Lethal violence in Sweden at highest level in nearly 20 years: report

Sweden last year suffered the highest level of murder and manslaughter for at least 18 years, with 124 people losing their lives through violent attacks, according to the latest annual report from the Swedish National Council for Crime Prevention (Brå).

Lethal violence in Sweden at highest level in nearly 20 years: report
Police cordon off the crime scene after a shooting in Solna, Stockholm, in February. Photo: Fredrik Sandberg/TT

According to the report, last year saw the highest number of lethal violence cases since it began recording them in 2002.

“We had a declining trend of lethal violence which came to an end in 2012, and it’s lethal violence in criminal environments which is behind the increasing number of deaths,” Brå researcher Jonas Öberg told the Aftonbladet newspaper. “Lethal violence within couples is not growing.”

A full 48 of the 124 cases of lethal violence involved guns, with the number of fatal shootings in the Stockholm region more than doubling over the past two years, with 11 people shot dead in 2018, 18 in 2019 and 23 in 2020, according to the agency’s report on lethal violence

Öberg said that it was hard to say why there had been a higher level of lethal violence last year, and warned against seeking to pin the rise on a simple explanation like the ongoing pandemic.

“This is men killing men, and it’s young men, between 20-29 years old,” he said. “And it mostly involves guns, and it most of these murders happen outside.”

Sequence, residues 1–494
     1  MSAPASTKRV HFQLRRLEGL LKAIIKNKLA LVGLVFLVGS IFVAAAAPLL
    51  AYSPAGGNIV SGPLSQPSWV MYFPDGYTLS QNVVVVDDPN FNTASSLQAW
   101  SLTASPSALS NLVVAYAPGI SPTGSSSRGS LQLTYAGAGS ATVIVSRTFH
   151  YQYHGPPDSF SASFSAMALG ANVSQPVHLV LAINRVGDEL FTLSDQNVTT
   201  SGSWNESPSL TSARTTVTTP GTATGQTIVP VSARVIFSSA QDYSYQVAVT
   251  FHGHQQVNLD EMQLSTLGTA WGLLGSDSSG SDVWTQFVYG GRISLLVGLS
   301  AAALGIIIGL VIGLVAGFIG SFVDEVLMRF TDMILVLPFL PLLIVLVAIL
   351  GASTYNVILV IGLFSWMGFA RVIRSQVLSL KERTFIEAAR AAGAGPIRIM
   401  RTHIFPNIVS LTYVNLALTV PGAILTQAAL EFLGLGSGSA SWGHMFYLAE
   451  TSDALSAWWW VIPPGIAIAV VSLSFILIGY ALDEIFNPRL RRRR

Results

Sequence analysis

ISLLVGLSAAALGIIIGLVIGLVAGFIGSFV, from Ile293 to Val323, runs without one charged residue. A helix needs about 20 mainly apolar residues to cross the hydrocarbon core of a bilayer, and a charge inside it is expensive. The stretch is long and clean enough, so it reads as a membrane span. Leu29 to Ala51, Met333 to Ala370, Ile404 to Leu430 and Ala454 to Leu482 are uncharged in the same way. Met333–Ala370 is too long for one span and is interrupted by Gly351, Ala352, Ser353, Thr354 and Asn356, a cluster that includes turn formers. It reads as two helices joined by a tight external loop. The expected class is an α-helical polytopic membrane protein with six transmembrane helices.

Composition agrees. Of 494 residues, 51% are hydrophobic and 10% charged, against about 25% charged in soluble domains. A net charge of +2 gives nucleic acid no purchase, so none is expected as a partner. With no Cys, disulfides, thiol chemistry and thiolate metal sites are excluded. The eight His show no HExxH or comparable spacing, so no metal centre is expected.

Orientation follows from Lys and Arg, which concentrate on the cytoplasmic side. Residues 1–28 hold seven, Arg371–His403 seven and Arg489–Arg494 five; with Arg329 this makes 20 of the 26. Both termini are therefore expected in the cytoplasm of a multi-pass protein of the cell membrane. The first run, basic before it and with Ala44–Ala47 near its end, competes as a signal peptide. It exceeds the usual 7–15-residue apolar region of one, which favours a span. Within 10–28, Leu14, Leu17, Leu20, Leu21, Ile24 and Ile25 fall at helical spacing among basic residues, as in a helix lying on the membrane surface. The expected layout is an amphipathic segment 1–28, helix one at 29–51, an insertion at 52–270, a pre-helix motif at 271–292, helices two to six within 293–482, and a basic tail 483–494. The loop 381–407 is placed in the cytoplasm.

Here’s a chart from the report showing how the rise since 2012 has been entirely among men and boys (män/pojkar), which lethal violence involving women or girls slightly down. 

Here’s a chart from the report showing how the number of cases of lethal violence using a gun (med användning av skjutvapen), has risen almost every year since 2016. 

The total number of reported crimes overall increased by only one percent on 2019, with a total of 1.57m crimes reported, according to the agency’s main report for 2020.

Vandalism and drugs offences saw the sharpest rises, with 14 percent and 10 percent rise in reported cases respectively.

Brå researcher Stina Söderman said that the rise in drugs offences might simply reflect the fact that police have had more resources to focus on narcotics crimes as a result of the pandemic.

“They have cancelled all of their education programmes for instance, which has freed up a lot of time,” she told Aftonbladet.

Several crimes saw large reductions which Brå argued could be directly linked to the pandemic: reports of pickpocketing fell by 44 percent; reports of robberies in hotels, cafés, restaurants, cinemas, theatres and youth centres by 40 percent; and of robberies in schools, libraries, sports centres, churches and museums by 22 percent.

“Our judgement is that the reduction of these types of robberies is a consequence of the pandemic,” the report concluded.

Other crimes which saw a sharp drop in reports were ‘assault by an unknown person’, reports of which fell 12 percent for men and 10 percent for women on 2019, which the report said was also “probably affected by the pandemic”.

The number of reported rapes also grew by nine percent in 2020, with 9,360 rapes reported, but Brå researcher Stina Holmberg said that the agency’s analysis suggested that this was not linked to the pandemic.

“We have looked at it month-by-month and have not identified any pandemic effect,” she told Aftonbladet. “I think it started already before the pandemic arrives, and we haven’t seen any signs of anything happening in society, which would have had an effect which led to more rapes.”


At the same time, the number of reported assaults from someone known to the victim rose slightly, by 5 percent for women and 3 percent for men.